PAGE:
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Predictable and unpredictable deviance detection in the human hippocampus and amygdala

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Cereb Cortex. 2024 Jan 12:bhad532. doi: 10.1093/cercor/bhad532. Online ahead of print.


Our brains extract structure from the environment and form predictions given past experience. Predictive circuits have been identified in wide-spread cortical regions. However, the contribution of medial temporal structures in predictions remains under-explored. The hippocampus underlies sequence detection and is sensitive to novel stimuli, sufficient to gain access to memory, while the amygdala to novelty. Yet, their electrophysiological profiles in detecting predictable and unpredictable deviant auditory events remain unknown. Here, we hypothesized that the hippocampus would be sensitive to predictability, while the amygdala to unexpected deviance. We presented epileptic patients undergoing presurgical monitoring with standard and deviant sounds, in predictable or unpredictable contexts. Onsets of auditory responses and unpredictable deviance effects were detected earlier in the temporal cortex compared with the amygdala and hippocampus. Deviance effects in 1-20 Hz local field potentials were detected in the lateral temporal cortex, irrespective of predictability. The amygdala showed stronger deviance in the unpredictable context. Low-frequency deviance responses in the hippocampus (1-8 Hz) were observed in the predictable but not in the unpredictable context. Our results reveal a distributed network underlying the generation of auditory predictions and suggest that the neural basis of sensory predictions and prediction error signals needs to be extended.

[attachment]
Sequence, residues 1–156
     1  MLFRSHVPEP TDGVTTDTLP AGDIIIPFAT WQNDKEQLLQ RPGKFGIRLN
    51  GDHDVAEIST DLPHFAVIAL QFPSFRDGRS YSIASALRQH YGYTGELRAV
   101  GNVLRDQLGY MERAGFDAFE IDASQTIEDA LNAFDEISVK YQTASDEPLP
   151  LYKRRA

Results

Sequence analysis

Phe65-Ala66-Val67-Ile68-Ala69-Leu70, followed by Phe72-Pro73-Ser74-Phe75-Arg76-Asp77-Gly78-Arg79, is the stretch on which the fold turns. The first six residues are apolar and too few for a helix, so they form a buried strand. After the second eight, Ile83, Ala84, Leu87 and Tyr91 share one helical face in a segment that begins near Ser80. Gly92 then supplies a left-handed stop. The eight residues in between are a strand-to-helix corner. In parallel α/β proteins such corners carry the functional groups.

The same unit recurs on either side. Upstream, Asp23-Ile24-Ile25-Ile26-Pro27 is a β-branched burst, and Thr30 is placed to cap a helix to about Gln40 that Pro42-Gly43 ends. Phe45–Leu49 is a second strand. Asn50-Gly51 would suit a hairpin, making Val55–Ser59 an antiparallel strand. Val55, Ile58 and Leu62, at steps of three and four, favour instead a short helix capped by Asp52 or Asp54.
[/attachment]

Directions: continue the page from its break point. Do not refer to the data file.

PMID:38216528 | DOI:10.1093/cercor/bhad532

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